Sally Ride: How Her Historic Space Mission Opened Doors for Women in Science

May 17, 2013 | 10:30am - 12:00pm
Museum in Washington, DC

Watch the program live on NASA TV:

As a child, Sally Ride did not dream of going into space. She was completing her PhD in physics when the idea dawned. Along with five other women scientists, she was selected by NASA to become a mission specialist in 1978. On June 18, 1983, she became the first American woman to fly in space, on the seventh space shuttle mission. In anticipation of the 30th anniversary of her flight, the Museum will present a program focusing on her achievements and her legacy.

Dr. Ride, who died in July, became a full-time educator after she left NASA in 1987. After teaching at the college level for several years, she founded Sally Ride Science to encourage girls and underrepresented minority students to pursue careers in science, math, and technology.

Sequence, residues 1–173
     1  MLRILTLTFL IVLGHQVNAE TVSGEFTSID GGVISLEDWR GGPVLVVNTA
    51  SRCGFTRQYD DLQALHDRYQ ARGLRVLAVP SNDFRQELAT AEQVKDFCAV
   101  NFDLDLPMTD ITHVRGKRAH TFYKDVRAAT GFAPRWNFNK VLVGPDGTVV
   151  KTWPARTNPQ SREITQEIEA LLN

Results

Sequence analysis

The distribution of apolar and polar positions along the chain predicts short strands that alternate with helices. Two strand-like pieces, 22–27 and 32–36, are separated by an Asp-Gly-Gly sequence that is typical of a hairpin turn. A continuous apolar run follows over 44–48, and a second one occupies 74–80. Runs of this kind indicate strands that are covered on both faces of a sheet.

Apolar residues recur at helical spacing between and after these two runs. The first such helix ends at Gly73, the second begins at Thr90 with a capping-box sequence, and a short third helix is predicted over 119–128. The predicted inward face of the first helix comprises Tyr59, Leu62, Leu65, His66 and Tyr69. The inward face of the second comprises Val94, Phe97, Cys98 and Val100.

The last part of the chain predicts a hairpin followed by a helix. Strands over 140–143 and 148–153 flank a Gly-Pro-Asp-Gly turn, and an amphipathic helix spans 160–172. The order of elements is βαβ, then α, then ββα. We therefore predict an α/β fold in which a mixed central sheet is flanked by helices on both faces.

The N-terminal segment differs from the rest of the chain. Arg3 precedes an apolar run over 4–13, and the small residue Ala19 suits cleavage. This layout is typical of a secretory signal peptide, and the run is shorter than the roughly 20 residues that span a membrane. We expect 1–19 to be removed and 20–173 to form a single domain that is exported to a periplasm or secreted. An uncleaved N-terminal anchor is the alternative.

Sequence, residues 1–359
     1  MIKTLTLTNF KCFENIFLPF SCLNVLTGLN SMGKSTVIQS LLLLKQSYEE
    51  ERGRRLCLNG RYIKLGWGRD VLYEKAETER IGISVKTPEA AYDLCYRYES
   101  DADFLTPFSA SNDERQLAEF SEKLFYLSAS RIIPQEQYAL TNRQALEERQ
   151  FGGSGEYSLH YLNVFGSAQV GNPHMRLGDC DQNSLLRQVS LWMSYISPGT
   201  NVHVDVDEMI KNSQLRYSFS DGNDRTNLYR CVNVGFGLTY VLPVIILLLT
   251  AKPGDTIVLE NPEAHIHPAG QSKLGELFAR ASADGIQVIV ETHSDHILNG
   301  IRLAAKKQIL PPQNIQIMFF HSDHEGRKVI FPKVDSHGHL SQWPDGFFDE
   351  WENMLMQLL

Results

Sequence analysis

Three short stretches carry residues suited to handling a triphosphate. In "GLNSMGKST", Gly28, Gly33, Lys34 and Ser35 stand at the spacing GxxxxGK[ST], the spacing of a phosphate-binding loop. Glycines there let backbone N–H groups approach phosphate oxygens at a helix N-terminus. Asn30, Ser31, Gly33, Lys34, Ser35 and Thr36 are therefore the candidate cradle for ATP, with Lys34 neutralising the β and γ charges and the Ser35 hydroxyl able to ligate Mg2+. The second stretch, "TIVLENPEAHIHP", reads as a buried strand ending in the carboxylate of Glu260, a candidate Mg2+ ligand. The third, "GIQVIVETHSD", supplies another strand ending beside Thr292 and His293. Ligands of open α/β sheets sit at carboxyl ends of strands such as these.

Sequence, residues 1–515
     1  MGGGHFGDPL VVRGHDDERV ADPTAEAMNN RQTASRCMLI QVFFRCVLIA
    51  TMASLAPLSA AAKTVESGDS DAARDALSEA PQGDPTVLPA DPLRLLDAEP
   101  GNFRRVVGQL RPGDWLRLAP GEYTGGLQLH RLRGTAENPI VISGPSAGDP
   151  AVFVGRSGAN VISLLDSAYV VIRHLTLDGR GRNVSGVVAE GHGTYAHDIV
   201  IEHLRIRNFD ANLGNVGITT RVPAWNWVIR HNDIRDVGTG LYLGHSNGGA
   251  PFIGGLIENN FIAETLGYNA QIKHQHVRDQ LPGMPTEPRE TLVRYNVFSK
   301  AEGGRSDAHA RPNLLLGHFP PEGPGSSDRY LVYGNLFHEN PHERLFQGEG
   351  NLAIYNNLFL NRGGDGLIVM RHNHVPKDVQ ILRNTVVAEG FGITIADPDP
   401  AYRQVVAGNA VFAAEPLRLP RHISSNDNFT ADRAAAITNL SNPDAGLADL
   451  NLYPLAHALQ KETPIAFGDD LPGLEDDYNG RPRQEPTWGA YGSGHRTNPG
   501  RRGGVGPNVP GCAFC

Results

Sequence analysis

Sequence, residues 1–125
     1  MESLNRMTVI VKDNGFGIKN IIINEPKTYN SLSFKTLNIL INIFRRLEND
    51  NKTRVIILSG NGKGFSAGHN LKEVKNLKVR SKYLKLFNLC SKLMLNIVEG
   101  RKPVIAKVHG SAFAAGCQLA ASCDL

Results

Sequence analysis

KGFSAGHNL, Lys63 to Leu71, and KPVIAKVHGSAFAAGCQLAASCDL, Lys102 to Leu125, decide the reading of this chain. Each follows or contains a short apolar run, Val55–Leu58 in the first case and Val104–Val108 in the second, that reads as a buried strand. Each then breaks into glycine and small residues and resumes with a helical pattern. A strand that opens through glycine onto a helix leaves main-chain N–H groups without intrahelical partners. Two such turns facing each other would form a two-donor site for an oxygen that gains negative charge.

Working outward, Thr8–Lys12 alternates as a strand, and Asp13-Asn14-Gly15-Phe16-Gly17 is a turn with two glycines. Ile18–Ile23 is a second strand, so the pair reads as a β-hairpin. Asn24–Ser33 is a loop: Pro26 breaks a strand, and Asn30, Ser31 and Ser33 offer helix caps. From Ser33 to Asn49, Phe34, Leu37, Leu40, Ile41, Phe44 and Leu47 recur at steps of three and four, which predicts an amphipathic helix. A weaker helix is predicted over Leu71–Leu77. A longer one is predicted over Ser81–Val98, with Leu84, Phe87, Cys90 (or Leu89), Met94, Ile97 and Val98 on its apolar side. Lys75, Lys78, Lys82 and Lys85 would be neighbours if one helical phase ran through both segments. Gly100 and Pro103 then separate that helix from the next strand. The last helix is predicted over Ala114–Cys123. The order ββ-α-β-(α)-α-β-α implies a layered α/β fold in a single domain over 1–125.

Panelists will include Dr. Margaret Weitekamp, curator, National Air and Space Museum's Department of Space History; Dr. Ellen Ochoa, director, Johnson Space Center; Dr. Linda Billings, School of Media and Public Affairs, The George Washington University; Dan Vergano, chief science writer, USA Today; and Rene McCormick, executive director of the National Math and Science Initiative. Tom Costello of NBC News will serve as the moderator of the panel.

Support for this program is provided by Sally Ride Science.